Model Daisy Lowe cooks stuffed aubergines in hers. Jamie Oliver thinks having one makes you a better cook (easy for him to say) and Michelin star chef Marco Pierre-White (who has two) agrees, calling it the closest thing to a professional oven.
Written by Wesley Muchimwe | 6th January 2017
Since the 1930s, advertising campaigns have marketed the Aga as a friend for life, many handed down through generations. The iconic shape looks just as much at home in a contemporary, glossy kitchen as it does in a more traditional, wooden setting. Colours have crept in since the mid-1950s totalling a choice of 15 today, including Aubergine and the new Dartmouth Blue (pictured).
Although blues, particularly denim hues, are predicted to be the hot shades for 2017, Aga has never been a follower of fashion. Indeed, without outwardly changing, it has quietly adapted to our high-tech times. New models can be programmed through your tablet or smartphone.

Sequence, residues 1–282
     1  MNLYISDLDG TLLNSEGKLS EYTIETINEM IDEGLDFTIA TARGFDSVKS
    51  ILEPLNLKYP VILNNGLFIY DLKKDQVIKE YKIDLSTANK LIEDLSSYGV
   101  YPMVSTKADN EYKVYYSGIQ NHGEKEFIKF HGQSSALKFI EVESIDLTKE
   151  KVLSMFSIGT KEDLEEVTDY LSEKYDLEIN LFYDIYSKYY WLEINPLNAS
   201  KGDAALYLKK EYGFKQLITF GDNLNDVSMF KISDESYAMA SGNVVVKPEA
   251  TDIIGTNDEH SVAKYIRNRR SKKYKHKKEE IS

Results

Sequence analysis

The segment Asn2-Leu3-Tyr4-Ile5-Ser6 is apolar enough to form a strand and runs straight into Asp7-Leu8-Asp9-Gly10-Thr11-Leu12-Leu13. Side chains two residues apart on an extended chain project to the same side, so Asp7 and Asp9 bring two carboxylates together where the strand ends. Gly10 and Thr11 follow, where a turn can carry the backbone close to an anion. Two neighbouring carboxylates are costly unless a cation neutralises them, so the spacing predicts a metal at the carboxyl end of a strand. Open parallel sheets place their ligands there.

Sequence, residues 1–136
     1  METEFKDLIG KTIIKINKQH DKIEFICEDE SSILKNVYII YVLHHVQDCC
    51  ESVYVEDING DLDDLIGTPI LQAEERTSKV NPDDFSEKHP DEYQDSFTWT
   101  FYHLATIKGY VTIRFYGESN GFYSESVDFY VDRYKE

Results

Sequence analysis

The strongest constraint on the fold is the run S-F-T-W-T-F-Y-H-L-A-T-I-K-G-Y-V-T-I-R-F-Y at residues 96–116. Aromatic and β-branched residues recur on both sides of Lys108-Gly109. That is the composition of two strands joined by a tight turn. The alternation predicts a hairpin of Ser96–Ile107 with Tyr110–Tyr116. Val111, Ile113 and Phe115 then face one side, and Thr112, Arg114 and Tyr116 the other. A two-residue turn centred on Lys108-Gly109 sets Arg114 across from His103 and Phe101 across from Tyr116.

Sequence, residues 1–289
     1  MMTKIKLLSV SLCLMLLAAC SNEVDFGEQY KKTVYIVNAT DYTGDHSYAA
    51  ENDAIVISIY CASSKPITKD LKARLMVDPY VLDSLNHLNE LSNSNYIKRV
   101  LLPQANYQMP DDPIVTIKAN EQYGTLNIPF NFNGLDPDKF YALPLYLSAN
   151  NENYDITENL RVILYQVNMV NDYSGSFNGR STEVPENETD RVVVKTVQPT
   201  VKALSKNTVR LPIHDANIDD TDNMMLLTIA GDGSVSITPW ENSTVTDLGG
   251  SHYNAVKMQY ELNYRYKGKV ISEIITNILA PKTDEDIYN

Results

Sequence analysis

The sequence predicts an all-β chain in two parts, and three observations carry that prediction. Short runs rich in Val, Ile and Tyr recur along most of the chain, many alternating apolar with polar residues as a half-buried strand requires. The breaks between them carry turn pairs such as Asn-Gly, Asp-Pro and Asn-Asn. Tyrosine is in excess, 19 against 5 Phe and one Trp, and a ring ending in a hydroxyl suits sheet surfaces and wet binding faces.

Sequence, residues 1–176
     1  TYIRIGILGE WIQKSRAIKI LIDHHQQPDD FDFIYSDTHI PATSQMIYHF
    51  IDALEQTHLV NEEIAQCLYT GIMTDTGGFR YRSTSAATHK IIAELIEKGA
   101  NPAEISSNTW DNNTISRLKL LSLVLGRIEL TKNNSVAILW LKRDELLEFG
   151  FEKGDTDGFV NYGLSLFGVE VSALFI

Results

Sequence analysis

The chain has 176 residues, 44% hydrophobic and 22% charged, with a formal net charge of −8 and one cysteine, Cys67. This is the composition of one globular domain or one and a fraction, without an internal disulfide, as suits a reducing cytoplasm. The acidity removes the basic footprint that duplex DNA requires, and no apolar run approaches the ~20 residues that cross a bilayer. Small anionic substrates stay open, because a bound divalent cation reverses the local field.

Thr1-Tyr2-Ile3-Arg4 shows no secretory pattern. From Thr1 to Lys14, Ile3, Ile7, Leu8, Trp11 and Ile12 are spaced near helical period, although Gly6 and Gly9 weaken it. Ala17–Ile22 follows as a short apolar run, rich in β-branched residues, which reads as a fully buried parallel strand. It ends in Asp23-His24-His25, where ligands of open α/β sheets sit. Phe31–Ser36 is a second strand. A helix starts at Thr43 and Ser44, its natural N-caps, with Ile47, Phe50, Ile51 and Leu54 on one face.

Which is a far cry from 1934 when The Graham Land Expedition Team took an Aga to the Antarctic. For three years the team were warm and well fed despite an outside temperature of minus forty A Nobel prize winner took ten years to perfect the Aga. Evidently time well spent. If you’re not in the Antarctic, there are Aga top tips a plenty. Mary Berry reheats fish and chip takeaways by laying them out on a baking tray and giving them a blast in the hot oven.
Clothes can be ironed to perfection on the simmering lid and standing wellies upside down at the back to dry is a lifesaver for soggy feet. Here at Michael Graham we would love to know the practical, useful or downright weird and wonderful uses you put your Aga to. Please get in touch in the usual way. Facebook @MGliving, Twitter @MG_Living, Instagram @michaelgraham_living